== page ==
Other problems could be as simple as the connection to the board being poor - so it might be worth trying other USB ports. This is especially true for older computers where the ports may have got worn - especially with laptops which tend to get more connections and disconnections. Sometimes, a different cable might fix things; worth trying as it's easy; although IME cabling problems are fairly uncommon with USB -I've only had it on bus powered gear and extremely cheap cables). If you do have a cabling problem (or even a wonky device) then you might be able to find messages about usb connections/disconnections/resets/errors in the Windows Event Log.
Trying other ports could also help with a problem that occurs with few older computers is that some equipment has an expectation of USB 2.0, but the USB ports are USB 1.1 (or only one of the USB ports is USB 2.0).
Last edited by Jess; 03-06-2015 at 12:21 PM. Reason: BBcode typo
Like wise I've had many many experiences thru helping others and costly experiences of my own thru lost material and time with USB driven Motion control cards or devices dropping out on Both Box PC's and Laptops. So I must object because My experience is very wide so therefore Valid and very much relavant to CNC MOTION CONTROL.!! . . . . Which is what we are talking about here.!!
No more will say on this because as Said it detracts from OP problem.!!
Last edited by JAZZCNC; 03-06-2015 at 03:14 PM.
It's much derided, but theory is necessary to understand what the limitations of one's experience are; ie., the situations it's useful in, and the claims that that experience allows one to make. It allows one to look at what is going on, rather than be confused by a name. For instance, you can fixate on it being called 'motion control', or you can recognise it being called Ethernet is a pretty big hint - ie., that it's a networking technology for, well, networking things and that it doesn't much care if the device you've plugged in is a desktop running a web browser, a VoIP phone or a motion controller.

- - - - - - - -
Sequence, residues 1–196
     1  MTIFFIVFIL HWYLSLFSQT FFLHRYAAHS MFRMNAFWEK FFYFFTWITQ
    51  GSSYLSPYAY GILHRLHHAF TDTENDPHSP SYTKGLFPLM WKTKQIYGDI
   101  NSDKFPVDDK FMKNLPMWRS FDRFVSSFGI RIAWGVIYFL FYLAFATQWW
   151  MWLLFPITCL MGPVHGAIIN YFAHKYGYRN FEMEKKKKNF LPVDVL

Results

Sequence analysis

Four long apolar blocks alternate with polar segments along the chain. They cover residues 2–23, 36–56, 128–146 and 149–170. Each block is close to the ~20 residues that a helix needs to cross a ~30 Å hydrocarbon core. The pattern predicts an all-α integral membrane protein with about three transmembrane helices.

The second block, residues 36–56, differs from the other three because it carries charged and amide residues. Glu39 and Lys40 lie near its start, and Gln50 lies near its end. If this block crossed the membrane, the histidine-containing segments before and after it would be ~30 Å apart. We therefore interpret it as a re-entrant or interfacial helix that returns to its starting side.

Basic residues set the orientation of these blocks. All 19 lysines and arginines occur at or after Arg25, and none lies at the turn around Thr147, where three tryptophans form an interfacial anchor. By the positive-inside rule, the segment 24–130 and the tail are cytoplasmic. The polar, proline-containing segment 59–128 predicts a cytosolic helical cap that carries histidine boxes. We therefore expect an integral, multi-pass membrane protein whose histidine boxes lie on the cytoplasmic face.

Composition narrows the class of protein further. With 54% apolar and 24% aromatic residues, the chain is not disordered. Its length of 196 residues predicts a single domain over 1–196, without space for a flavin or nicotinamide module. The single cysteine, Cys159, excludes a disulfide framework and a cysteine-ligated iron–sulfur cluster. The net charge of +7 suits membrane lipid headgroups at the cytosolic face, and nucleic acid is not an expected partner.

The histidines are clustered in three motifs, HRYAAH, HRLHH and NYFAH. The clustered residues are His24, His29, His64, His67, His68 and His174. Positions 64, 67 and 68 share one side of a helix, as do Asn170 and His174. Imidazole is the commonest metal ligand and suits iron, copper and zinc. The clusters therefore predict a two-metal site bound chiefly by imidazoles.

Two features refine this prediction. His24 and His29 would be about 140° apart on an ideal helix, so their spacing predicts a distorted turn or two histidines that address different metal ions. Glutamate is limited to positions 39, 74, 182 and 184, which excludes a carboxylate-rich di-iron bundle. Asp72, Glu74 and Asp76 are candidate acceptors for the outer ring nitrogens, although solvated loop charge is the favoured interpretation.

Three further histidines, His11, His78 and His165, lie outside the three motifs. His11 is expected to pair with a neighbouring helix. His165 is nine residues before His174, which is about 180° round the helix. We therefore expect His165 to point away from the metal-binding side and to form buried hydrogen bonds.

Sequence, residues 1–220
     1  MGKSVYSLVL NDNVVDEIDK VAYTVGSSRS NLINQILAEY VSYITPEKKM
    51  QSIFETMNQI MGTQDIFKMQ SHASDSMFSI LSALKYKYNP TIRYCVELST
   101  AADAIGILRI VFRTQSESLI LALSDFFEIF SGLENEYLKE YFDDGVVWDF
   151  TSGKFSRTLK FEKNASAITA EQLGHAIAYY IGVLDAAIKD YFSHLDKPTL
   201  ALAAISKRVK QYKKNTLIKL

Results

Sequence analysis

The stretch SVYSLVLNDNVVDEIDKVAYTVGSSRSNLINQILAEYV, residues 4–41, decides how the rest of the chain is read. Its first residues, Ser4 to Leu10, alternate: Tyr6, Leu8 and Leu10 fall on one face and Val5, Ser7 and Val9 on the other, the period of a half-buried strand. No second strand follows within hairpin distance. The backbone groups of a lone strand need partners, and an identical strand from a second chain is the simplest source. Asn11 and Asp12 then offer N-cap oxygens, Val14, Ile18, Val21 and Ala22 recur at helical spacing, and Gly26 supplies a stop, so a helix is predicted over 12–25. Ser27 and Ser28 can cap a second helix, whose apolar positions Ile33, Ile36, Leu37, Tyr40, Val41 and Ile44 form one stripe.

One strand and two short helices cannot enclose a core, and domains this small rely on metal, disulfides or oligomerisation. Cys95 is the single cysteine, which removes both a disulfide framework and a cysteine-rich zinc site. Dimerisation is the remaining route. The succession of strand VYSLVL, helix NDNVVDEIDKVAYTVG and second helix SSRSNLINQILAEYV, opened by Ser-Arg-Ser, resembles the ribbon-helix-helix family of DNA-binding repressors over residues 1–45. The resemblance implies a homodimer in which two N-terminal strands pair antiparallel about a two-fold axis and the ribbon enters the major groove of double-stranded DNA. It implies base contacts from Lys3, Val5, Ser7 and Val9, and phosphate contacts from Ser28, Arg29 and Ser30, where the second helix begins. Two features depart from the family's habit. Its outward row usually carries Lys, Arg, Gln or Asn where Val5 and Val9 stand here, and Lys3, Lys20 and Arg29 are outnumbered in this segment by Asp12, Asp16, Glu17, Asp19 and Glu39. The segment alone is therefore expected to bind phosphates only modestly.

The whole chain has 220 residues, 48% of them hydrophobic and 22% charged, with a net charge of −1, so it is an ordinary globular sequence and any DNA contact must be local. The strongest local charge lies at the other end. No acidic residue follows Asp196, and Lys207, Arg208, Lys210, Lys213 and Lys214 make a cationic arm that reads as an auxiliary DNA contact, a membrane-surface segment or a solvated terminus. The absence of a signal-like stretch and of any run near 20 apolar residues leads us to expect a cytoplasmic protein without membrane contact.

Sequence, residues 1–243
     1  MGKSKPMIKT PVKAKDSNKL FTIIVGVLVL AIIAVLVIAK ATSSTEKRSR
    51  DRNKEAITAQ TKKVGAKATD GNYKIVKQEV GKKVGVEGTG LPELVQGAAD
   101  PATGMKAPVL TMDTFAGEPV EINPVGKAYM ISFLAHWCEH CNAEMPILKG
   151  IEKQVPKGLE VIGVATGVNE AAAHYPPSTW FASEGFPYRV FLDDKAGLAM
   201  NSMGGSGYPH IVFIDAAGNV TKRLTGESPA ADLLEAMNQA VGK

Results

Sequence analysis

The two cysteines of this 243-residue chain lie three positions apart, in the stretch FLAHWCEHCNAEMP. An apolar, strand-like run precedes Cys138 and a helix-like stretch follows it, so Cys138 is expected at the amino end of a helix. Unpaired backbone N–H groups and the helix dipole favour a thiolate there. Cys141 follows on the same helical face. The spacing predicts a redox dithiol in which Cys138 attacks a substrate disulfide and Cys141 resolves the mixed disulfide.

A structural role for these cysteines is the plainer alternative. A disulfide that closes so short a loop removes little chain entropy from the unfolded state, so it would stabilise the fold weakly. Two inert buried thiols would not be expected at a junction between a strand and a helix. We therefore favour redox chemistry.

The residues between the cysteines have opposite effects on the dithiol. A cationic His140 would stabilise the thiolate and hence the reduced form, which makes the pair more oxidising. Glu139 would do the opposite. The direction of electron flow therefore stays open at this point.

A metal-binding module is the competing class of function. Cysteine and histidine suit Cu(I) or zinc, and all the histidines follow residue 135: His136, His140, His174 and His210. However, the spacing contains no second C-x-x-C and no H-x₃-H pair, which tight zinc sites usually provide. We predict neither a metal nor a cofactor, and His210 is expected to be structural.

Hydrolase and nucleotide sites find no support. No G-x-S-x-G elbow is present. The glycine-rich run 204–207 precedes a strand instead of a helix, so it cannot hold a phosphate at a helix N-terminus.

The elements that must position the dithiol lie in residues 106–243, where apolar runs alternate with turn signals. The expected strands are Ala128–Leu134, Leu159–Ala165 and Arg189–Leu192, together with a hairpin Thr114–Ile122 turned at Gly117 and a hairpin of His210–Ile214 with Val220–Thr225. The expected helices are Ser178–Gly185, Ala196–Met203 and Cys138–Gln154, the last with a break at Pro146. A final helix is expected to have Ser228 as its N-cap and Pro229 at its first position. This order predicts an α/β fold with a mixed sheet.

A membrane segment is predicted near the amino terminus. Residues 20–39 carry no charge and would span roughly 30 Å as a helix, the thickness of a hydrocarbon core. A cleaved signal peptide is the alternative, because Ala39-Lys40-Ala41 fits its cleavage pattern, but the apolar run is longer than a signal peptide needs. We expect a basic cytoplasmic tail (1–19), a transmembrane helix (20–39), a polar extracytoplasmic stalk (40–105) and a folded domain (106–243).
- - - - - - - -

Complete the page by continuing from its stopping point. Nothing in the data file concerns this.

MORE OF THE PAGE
Simply put - having used some motion controls doesn't qualify you to say that USB is the problem. For instance, given that USB controls tend to be in the lower end of the market whilst Ethernet motion controls tend to be at least 'serious hobby' - so an alternative conclusion would be that USB motion controls tend to be cheap with performance to match - nothing to do with the cable you used to connect it to your PC.
This difference is important, because if USB is the problem, an ethernet motion controller for side-hobby money is a great deal; if the issue is instead that it's simply unreasonable to expect a decent motion controller to be cheap, then one should be wary of any motion controller for less than serious hobby money.
The majority of my post was, in fact on OP's problem. None of yours was.
To try to get it back on track again, if the USB motion controller is likely to be a problem, could it even be the root of the present issue - as in, something goes wrong (eg., command buffer empties during a run) and the controller goes into e-stop mode? (And that guard switch is sorted?)
Regards the Sieg USB device if that's what your refering to as the " Untested" then Chances are it's using one I've already tested or some variant.
I could with a quick phone call findout exactly what or who's device it uses as one of the main developers of the Sieg machines I know quite well.! . . . . Chances are he is the one doing the support in UK.!